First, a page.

Two weeks into NFL free agency, the Chicago Bears have seemingly jumpstarted their ability to rebuild, via a blockbuster trade and several marquee signings. The Philadelphia Eagles have lost some star power but brought back some of the most vital players in franchise history. And Aaron Rodgers will seemingly be a New York Jet. At some point.
However, Rodgers’ fate has been one of the biggest surprises of the offseason, so far. Not necessarily that he emerged from the darkness and expressed his desire to be a Jet, but that Green Bay and New York haven’t been able to come to terms on a new deal.
“That the Rodgers trade can’t get done is a bit of a shocker,” an AFC front office executive told Heavy. “The Packers lost all leverage.”
Likewise, an offensive coach tells Heavy he’s also surprised that the trade hasn’t happened yet.
Regardless of Rodgers’ future, much has changed across the NFL. Especially since the calendar turned to March and the league’s coaches and executives flew out of Indianapolis and back to their outposts with the framework of trades and signings in tow.
Some positions, well, not much has changed. Yet.
“The lack of a market for the tight end group has been really surprising,” an NFC pro personnel director told Heavy. “Even with good talent at the position in the draft, the lack of movement — or even interest — with that group was really shocking to me.”
To get a feel for how those inside the league feel free agency has played out, Heavy surveyed dozens of current coaches, executives and agents with high-profile clients on what has surprised them the most so far in 2023. Here are some of their answers.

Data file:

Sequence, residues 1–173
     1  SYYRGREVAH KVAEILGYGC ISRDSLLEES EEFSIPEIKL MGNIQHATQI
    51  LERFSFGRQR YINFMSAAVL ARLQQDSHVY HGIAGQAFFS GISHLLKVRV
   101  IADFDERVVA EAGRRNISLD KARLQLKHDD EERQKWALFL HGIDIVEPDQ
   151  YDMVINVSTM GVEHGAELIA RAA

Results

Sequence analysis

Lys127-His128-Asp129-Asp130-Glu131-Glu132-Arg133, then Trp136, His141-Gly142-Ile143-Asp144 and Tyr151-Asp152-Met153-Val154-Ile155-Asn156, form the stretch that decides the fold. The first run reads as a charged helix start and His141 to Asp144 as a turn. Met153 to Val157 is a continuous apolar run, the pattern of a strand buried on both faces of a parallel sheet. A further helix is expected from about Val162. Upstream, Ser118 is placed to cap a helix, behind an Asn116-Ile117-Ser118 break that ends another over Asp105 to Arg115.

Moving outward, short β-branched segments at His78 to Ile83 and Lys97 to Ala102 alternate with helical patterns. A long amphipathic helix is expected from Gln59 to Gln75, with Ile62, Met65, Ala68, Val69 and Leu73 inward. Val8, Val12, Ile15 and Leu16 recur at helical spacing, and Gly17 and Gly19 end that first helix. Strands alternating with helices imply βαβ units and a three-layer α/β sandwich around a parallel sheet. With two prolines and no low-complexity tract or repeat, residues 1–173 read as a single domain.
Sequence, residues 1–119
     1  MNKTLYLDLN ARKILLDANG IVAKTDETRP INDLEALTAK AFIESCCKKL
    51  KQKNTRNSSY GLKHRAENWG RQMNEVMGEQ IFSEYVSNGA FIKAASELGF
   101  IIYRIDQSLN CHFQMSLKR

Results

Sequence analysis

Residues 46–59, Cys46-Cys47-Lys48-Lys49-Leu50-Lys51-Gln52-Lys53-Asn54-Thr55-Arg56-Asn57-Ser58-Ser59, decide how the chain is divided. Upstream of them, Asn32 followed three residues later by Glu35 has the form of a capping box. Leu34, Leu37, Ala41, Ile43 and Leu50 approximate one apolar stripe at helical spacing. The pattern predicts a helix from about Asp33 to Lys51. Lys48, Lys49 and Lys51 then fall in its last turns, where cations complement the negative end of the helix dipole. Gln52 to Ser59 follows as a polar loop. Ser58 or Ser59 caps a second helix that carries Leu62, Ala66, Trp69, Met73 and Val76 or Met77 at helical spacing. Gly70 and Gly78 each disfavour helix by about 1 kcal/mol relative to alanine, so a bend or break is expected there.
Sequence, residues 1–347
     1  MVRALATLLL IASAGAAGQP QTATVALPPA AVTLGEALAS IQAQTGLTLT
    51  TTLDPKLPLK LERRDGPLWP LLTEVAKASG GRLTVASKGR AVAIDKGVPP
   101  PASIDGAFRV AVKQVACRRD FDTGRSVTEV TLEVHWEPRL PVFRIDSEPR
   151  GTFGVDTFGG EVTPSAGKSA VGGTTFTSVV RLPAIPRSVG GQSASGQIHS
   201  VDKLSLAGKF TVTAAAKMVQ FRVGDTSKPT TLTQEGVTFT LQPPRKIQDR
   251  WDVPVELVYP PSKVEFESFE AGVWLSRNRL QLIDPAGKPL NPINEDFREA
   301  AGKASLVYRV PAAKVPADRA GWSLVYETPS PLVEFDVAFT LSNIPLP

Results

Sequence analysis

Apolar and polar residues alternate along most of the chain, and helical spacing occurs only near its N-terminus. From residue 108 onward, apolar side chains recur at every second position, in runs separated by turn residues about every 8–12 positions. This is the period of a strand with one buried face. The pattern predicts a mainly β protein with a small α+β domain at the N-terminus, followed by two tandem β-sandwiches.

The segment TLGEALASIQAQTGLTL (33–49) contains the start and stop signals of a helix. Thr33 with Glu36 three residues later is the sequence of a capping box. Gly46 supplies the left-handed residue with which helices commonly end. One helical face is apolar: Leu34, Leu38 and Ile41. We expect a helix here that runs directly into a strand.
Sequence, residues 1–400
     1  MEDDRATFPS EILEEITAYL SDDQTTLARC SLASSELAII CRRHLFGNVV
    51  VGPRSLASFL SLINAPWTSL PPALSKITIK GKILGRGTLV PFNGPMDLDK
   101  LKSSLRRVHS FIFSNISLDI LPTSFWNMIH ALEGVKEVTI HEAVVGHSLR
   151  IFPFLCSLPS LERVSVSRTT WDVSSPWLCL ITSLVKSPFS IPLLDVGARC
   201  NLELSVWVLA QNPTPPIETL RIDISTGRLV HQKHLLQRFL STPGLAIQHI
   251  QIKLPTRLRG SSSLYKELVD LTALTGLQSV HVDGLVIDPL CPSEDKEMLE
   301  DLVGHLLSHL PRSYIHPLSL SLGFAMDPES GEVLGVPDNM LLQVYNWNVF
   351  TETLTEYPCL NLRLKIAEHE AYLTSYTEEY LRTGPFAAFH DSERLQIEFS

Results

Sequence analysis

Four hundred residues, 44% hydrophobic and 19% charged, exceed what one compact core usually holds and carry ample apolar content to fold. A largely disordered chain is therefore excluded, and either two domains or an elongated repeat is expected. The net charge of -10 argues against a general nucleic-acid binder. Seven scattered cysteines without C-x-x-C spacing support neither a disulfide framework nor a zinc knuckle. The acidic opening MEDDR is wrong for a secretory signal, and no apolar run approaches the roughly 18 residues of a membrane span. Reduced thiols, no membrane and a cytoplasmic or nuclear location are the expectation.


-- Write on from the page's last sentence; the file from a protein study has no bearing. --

NFL personnel executive: “That Lamar Jackson hasn’t signed anywhere.”
There has never been an MVP-winning quarterback, who can sign an offer sheet, and be had for a pair of first-round picks. Yet, Lamar Jackson hasn’t signed, and within moments of the Baltimore Ravens using the non-exclusive franchise tag on their star quarterback, teams lined up to publicly distance themselves from the 26-year-old.
While there likely isn’t an NFL owner group chat or e-mail chain explicitly saying as much, the league is collectively, on an individual level, banding together to prevent Jackson — or any quarterback, from garnering a fully guaranteed contract that mirrors the Browns’ $250 million pact with Deshaun Watson. It will be fascinating to see whether Jackson winds up playing under the tag, or forfeiting a year of service towards free agency by sitting out this season, which feels like a possible outcome of these negotiations.
AFC scouting director: “The Dallas Cowboys got Stephon Gilmore and Brandin Cooks for nothing.”
After making the expected move of releasing running back Ezekiel Elliott — more on that below — the Cowboys didn’t waste any time putting the nearly $11 million in cap space the move saved to good use.
Dallas acquired Gilmore (PFF’s No. 9 ranked CB in 2022) for a fifth-round pick, in a deal with the Indianapolis Colts, and dealt a 2023 fifth-round pick and 2024 sixth-round pick to the Houston Texans for Cooks.